Image courtesy King County

Image courtesy King County

King County lists long-term care facilities with most COVID-19 deaths, Enumclaw Rehab No. 2

More than 300 deaths have occurred in these sorts of health facilities — 64 percent of all total deaths in the county.

According to new COVID-19 data from King County, the Enumclaw Health and Rehabilitation Center is near the top of the list when it comes to coronavirus deaths in long-term care facilities in the area.

As of May 7, it appears Enumclaw Rehab has reported 23 deaths, which is topped only by the Life Care Center of Kirkland, which suffered 45 deaths.

Trailing behind the local facility is Issaquah Nursing and Rehabilitation at 19 deaths; Richmond Beach Rehabilitation and the Park Ridge Care Center at 18, and Redmond Care and Rehabilitation at 17.

The dashboard, which can be viewed at, is only naming long-term care facilities that have reported five or more deaths; facilities that reported fewer than five deaths were combined into one category.

An April 16 Department of Social and Health Services report on Enumclaw Rehab possibly explained why the facility had more deaths than nearly any other long-term care facility in the county.

According to the report, which sampled 15 residents inside the facility and five discharged residents, found “the facility failed to take appropriate actions related to a COVID-19 outbreak. These failed practices may have contributed to multiple residents and staff contracting COVID-19.”

The report noted that as of April 2, 38 residents and 10 staff had tested positive for the novel coronavirus, and five residents had already died, meaning the facility’s other 18 deaths occurred between April 3 and May 7.

According to the DSHS inspectors, staff appeared to not be properly screened for COVID-19 and were not properly informed on how to care for their personal protective equipment (PPE).

Additionally, the area where staff was screened was located at “the epicenter of the facility’s COVID-19 outbreak,” and staff only had an oral thermometer to test for fever, requiring people being screened to remove any mask in order to have their temperature taken.

The facility also appears to have failed to report when residents and staff showed symptoms of the virus in a timely manner, and was also slow in quarantining the roommates of patients who tested positive.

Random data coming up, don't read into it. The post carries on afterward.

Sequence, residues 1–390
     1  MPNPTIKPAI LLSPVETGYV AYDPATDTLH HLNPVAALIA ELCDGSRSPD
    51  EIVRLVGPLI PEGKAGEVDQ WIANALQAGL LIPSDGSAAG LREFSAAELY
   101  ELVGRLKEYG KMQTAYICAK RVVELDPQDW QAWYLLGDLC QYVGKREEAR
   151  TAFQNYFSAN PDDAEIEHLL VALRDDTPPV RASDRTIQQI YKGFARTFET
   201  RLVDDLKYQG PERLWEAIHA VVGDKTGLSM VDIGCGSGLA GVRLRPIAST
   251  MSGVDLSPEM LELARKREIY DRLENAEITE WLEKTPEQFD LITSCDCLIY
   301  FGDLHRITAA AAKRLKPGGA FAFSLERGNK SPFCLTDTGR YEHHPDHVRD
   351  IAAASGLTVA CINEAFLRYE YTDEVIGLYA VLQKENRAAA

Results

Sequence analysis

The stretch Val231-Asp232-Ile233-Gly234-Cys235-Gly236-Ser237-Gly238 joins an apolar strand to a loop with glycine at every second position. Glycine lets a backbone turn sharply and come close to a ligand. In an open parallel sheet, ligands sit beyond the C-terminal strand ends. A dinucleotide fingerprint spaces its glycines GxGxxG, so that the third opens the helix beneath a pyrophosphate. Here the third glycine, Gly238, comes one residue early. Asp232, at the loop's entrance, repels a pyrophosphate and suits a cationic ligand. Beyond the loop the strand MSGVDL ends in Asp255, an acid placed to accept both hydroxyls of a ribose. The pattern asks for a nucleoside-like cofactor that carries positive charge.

Finally, it also seems that patients were continuing to be admitted, or even re-admitted, into the facility even after an outbreak started.

Enumclaw Rehab did not respond to a request for comments.


The dashboard also shows skilled nursing facilities across King County — as opposed to assisted living facilities and adult family homes — had vastly more COVID-19 cases and deaths than other long-term care facilities. These cases and deaths are not necessarily just residents of those facilities, but staff and visitors as well.

Of the 52 skilled nursing facilities in the county, 36 (or nearly 70 percent) reported having COVID-19 cases, and as of May 7, there have been 200 total virus-related deaths in those facilities, accounting for two-thirds of all deaths inside long-term care facilities.

Roughly 25 percent of the 148 assisted living facilities in King County reported having COVID-19 cases, with a total of 75 deaths; only about 2 percent of the 1,164 adult family homes reported cases, and there were a total of 28 deaths.

The total of 303 deaths account for roughly 64 percent of all COVID-19 deaths in the county.

Although the majority of COVID-19 cases involved patients at these long-term care centers, around 335 total employees at these facilities reported becoming sick, with two deaths. Additionally, 23 visitors reported contracting the virus, with another two deaths. A dozen cases more and one additional death are still undetermined.


Patients in long-term care facilities that contracted COVID-19 reported having myriad symptoms.

The most commonly-reported symptoms were cough and fever, which were found in 39 and 38 percent of patients respectively.

About 27 percent of patients with the virus reported a shortness of breath, and 20 percent reported headaches.

Less common symptoms were pneumonia (16 percent), diarrhea (14.5 percent), sore throat (14 percent), chills (10 percent), nausea (9 percent), acute respiratory distress syndrome (9 percent), and vomiting (5 percent).

Roughly 32 percent of COVID-19 patients in long-term care facilities also reported “other” symptoms, which was its own category.

A third of patients also had at least one more condition in addition to having the coronavirus.

The most common co-morbidity (which only means concurrent conditions, and does not indicate death of these conditions) was heart disease at 18 percent.

Other co-morbidities included diabetes (13 percent), some sort of kidney disease (10 percent), and lung disease (9 percent).

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